Whether you’re looking for an exercise routine, a new mental workout, a place to meet fellow students or a chance to blow off steam in a good-old-fashioned duel, the UBC Fencing Club has a spot for you.
“It’s the only club that you can poke people without having to apologize!” laughed Stephanie Chiu, former president of the club. Chiu joined back in 2002 as an undergrad studying food science, despite never having picked up a sword in her life.
“I started fencing when I came to UBC. Before then, I didn’t know there were fencing clubs available in B.C., but when I walked around on Clubs Days and saw fencing, I thought I’d try it. I’ve been part of the club ever since.”
Recreational fencing has been available on campus since the 1930s, but The Fencing Club itself has been an official AMS club for about 50 years. The club formed a competitive team just over 10 years ago, and three members are currently D-ranked fencers on the international point system. The club also hosts the annual Stephen Lazar Memorial Tournament, which has over 30 years of history and attracts fencers from across the province and over the border.
Ten years ago, the Fencing Club’s membership sat between 20 and 30 fencers, but in recent years those numbers have grown to around 50 or 60. Current club president, Eloi Mercier, predicts an increased interest this year thanks to the publicity that fencing received at the Summer Olympics. Mercier noted that many people were talking about the Olympics at the UBC Fencing Club booth on Imagine Day. While Canada has never taken home a medal in fencing, Mercier is sure that if it were to happen, it would get even more people interested.
“We want to promote the club, advertise tournaments,… promote fencing as a recreational sport, a new sport just to keep [people] fit and to increase our competitive team,” Mercier said.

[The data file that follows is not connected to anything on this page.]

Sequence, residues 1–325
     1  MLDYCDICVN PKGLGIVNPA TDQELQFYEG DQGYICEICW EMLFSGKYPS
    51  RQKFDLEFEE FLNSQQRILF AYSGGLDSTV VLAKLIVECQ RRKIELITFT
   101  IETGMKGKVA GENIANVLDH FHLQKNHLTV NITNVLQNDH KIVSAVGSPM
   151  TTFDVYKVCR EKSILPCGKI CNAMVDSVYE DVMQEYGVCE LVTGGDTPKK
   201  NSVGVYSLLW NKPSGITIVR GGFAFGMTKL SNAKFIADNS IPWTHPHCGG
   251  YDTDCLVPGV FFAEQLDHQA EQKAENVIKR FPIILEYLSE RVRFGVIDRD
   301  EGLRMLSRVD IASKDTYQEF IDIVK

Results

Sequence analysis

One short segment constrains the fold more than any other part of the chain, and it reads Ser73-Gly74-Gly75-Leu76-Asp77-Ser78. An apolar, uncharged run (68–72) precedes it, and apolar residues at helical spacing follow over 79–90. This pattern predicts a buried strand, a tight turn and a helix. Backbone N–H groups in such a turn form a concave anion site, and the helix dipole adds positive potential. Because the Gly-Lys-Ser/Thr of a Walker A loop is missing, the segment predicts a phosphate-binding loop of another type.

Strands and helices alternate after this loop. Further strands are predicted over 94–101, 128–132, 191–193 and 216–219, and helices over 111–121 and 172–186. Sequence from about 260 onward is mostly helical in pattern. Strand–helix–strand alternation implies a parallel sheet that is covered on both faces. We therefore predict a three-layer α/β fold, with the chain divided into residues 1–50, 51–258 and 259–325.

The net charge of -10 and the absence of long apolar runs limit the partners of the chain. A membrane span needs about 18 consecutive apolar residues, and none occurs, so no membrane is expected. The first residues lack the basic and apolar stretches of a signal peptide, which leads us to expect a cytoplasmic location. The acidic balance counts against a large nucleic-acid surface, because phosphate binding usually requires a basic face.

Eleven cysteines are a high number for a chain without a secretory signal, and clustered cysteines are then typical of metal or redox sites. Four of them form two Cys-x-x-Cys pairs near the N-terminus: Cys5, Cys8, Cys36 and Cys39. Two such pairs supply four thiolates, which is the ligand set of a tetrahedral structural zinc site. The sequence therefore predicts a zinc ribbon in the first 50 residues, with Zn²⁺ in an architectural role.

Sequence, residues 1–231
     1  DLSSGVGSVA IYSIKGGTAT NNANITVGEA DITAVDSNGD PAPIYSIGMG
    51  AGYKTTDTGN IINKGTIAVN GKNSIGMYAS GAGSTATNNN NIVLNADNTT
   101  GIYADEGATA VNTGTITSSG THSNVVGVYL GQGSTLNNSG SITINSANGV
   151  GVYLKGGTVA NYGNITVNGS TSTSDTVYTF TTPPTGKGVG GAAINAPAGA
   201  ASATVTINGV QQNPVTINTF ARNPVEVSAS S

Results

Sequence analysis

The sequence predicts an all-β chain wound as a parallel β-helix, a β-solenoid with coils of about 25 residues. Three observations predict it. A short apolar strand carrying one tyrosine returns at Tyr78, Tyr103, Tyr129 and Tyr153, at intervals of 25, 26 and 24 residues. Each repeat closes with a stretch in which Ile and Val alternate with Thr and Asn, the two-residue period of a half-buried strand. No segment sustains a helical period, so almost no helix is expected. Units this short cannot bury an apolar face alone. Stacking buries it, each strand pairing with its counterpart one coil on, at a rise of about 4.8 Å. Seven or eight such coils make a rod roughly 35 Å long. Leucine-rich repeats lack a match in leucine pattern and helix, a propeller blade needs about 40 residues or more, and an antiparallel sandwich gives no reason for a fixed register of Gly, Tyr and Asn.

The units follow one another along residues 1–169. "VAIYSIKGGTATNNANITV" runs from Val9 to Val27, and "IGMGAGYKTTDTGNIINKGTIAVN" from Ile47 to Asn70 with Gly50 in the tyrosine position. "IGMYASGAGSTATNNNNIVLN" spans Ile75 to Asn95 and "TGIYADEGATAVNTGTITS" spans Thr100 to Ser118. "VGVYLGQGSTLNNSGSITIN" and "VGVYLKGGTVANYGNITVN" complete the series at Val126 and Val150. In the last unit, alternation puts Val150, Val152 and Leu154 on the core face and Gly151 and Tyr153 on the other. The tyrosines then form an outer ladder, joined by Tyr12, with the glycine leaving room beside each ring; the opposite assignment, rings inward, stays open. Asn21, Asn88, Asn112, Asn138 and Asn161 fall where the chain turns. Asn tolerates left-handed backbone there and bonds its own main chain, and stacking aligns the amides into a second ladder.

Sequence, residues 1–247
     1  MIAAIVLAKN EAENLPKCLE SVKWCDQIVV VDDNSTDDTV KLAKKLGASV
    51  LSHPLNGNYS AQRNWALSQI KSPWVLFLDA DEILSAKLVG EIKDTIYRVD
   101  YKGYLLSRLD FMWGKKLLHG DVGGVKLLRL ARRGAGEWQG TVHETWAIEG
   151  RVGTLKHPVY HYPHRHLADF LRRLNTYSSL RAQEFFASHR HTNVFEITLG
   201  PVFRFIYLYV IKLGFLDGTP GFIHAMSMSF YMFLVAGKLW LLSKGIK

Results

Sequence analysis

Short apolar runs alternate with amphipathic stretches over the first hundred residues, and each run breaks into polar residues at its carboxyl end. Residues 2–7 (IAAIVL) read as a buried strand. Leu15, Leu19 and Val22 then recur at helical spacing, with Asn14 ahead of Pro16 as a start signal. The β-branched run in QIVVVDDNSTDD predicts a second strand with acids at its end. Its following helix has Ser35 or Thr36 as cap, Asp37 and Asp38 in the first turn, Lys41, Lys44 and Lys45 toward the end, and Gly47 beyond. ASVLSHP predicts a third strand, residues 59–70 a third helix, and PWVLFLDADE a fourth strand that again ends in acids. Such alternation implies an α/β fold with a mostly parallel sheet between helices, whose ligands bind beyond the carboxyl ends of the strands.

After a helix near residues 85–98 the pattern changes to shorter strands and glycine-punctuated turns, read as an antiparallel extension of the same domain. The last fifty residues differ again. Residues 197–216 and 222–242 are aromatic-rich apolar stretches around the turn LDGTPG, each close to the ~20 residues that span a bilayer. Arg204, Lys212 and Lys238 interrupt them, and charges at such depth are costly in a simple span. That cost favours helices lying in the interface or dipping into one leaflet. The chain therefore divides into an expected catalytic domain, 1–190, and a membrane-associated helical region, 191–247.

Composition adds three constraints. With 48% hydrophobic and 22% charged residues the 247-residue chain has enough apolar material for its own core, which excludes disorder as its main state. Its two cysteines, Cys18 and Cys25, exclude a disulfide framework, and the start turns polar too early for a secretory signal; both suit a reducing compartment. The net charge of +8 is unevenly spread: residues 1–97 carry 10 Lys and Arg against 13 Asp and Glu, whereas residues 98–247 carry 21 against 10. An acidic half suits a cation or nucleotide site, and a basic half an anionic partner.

The club is currently offering a promotion, encouraging anyone on the fence to come out and give it a try. They boast the lowest fees in B.C., with the first lesson and all the equipment supplied for free. All that prospective fencers need to do is drop into a practice. All skill levels are welcome, from experienced duelists to intrigued beginners.
“What makes fencing fun is that you don’t always have to be fit, you don’t always have to be young,” said Chiu. “I’ve seen 50-year-old fencers beat a teenager, even though the teenager has more energy; a lot of it’s just strategy.”
Members can learn and work within their own comfort zone, but everyone is given the option to try competing, said Mercier. “We like to organize tournaments for beginners so they can get a real tournament experience.”
“It keeps you fit,” said Karl Maibauer, a second-year club member majoring in philosophy and economics. “… You strengthen yourself intellectually; there’s camaraderie. If you’re in first year and you want to do something fun and active, fencing is perfect.”